2. One of the several adult female Wolf spiders I captured that produced egg sacs, which resulted in the six month experience of raising several hundred infants from three different females. The female I told you about in our chat, the one that I remember watching make an egg sac, was never a mother while in my care, having laid infertile eggs. Known as the Hogna helluo, they have been recently been reclassified as Tigrosa helluo. Same spider, same name, same species, just an update for whatever reason the arachnologists have. It’s all a part of the taxonomy game, I suppose

Friday, March 11, 2016

Arachnophobia - a reader responds

Ulla Jessen wrote to me from Denmark about recovering from arachnophobia. I was so delighted I just had to share it here (with permission, of course). Ulla wrote:

I am currently reading your book on spiders. It is truly one of the most exciting books I have ever read.

Like you, I suffered from arachnophobia for many years, until one day, at the age of about 30, when I decided that it was too ridiculous and I started to observe the spiders instead. 
I started with watching a 45 minute film on our newly acquired colour television. I sat right in front of the screen with my heart pounding for the whole time. It did work, now it was easier for me to go up to a small spider and just look at it.

Anyway, it went from there to being totally fascinated by the beautiful creatures.

Just like you I have given some of my spiders names. I had one in the kitchen when I first met my husband. He saw this black thing in the top corner of the kitchen and asked if I knew I had a spider there. I said yes, that is Herbert and he lives there. This was before I knew that it probably was a female. My husband to be was not too pleased and asked a few times is Herbert had to live with us and I told him "Love me and love my spider, Herbert stays". (After 28 years I am still married to the same man). 

My "mission" in life is now to teach my grandchildren not to be afraid of spiders. It seems to be working, just a bit. Two of my granddaughters of 14 years of age have actually sent me photos of spiders.

I have a friend who is rather afraid of spiders. She actually went with me to a large exhibition of live spiders in Copenhagen a couple of years ago and it has changed her attitude towards spiders. Her granddaughter sees a spider and asks her grandmother "Should you not take a picture of it and send it to Ulla?"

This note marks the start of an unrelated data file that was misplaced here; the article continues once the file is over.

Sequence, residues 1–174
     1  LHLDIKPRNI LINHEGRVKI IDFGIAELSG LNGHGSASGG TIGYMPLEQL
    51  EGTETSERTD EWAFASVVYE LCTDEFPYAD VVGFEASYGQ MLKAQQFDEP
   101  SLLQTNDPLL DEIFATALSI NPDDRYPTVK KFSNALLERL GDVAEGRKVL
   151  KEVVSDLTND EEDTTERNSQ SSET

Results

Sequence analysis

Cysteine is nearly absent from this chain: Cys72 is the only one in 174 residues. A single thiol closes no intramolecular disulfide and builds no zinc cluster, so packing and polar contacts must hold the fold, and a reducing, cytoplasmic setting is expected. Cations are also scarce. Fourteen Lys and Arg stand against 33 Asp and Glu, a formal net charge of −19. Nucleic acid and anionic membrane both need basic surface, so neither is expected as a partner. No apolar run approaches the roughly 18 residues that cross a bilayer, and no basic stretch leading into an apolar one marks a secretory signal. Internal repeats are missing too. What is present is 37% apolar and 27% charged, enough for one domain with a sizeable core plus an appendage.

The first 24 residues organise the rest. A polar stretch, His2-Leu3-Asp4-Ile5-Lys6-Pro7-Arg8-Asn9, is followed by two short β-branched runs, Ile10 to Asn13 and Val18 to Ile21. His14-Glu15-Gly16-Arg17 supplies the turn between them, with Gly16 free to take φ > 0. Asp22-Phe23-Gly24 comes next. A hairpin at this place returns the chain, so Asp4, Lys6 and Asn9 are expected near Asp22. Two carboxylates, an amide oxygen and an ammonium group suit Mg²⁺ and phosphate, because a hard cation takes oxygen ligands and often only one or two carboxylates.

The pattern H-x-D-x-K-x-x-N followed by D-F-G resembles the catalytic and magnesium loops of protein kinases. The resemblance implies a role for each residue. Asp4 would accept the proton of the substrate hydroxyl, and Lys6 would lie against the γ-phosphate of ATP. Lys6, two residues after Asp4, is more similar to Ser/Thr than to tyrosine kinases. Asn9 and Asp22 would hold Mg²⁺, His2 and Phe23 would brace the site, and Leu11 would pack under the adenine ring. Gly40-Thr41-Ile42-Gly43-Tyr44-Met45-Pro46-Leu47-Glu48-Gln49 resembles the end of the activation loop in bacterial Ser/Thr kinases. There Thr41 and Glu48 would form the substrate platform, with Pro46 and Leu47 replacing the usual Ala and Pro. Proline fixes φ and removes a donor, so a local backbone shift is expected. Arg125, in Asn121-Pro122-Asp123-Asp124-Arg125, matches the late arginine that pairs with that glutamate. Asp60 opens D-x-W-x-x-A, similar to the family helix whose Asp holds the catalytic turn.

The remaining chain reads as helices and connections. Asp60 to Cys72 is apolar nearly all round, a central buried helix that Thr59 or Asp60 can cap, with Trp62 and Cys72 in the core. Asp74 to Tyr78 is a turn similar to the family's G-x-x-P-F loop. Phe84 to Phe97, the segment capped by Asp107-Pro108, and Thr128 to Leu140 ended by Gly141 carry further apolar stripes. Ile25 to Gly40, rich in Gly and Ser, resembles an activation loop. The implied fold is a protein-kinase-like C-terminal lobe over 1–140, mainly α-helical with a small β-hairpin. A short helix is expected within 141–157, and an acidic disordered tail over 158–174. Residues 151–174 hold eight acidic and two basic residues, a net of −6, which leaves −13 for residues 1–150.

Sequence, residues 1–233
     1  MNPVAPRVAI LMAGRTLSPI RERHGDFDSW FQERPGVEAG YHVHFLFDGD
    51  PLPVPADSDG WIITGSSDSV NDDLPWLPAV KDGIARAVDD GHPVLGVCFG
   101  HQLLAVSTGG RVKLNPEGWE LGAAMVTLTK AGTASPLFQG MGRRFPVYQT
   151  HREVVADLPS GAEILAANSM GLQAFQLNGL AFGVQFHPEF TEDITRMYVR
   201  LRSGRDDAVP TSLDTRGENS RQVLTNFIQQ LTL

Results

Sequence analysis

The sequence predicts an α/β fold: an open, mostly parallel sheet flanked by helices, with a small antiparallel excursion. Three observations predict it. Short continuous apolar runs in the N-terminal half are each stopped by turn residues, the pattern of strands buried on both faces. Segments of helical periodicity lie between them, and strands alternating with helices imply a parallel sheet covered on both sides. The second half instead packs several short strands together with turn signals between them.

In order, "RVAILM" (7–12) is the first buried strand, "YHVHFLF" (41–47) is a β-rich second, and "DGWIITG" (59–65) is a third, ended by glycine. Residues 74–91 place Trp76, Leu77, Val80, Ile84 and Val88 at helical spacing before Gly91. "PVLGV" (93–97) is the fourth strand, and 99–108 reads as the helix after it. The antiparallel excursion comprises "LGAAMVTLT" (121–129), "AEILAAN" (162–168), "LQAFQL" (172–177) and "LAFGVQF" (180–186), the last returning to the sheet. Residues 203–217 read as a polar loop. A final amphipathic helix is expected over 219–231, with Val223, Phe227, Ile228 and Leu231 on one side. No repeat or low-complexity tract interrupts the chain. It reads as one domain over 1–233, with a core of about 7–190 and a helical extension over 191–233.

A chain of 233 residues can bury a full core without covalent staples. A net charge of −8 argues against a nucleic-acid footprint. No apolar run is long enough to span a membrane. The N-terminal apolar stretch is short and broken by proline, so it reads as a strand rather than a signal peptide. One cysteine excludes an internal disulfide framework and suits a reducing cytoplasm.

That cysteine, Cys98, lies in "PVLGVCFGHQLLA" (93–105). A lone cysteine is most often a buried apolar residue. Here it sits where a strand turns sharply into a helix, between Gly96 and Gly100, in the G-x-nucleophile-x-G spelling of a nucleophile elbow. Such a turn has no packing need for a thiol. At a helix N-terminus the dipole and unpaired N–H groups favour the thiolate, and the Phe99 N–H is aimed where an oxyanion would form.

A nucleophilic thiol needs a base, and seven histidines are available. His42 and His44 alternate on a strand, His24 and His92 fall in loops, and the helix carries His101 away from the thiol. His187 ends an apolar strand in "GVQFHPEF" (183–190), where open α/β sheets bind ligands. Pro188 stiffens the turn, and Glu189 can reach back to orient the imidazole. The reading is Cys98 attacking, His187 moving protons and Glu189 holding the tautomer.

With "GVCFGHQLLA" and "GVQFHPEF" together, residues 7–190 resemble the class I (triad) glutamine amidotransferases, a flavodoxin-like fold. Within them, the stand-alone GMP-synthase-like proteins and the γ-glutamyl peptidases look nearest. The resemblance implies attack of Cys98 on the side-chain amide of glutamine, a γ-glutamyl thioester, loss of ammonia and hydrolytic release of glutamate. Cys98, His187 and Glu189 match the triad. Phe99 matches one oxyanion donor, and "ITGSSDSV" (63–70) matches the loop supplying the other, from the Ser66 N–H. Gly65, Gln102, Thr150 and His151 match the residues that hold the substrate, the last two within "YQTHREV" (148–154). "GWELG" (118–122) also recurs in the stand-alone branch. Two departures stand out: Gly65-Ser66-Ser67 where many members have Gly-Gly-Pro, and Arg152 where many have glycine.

Even by husband is now able to see a spider without calling me to remove it. He even puts up with me reading aloud from your book at night in bed.

I have been looking on YouTube at videos about spiders. One thing that really annoys me is that although they seem to want to teach you not to be afraid of spiders, they still present them with horror-film music and dramatic voices like this is something to be afraid of. 

Here is a link to my video on recovering from arachnophobia. It has been viewed over 32,000 times so hopefully it may have affected someone positively.

Confronting the spiders

Ulla asks about good videos about spiders - I'd love to know more and add them to this blog. Please send me suggestions!

Ella wrote:
Do you know of any documentaries about spiders where they present the animal in a normal way, with love and admiration? 

I don't suppose I'd ever get to Australia, but if I did, I would love to see your forest of white cutlery.

Anyway, forgive my ramblings. I just felt the urge to share my little story and to tell you how much your book means to me, and as I said, if you know of any good videos of spiders, I'd love to know.

Thank you, Ulla!

Reader suggestions: 

Thanks Rachael! The peacock spiders:

Thank you, Kathleen, for pointing to the sand spider video: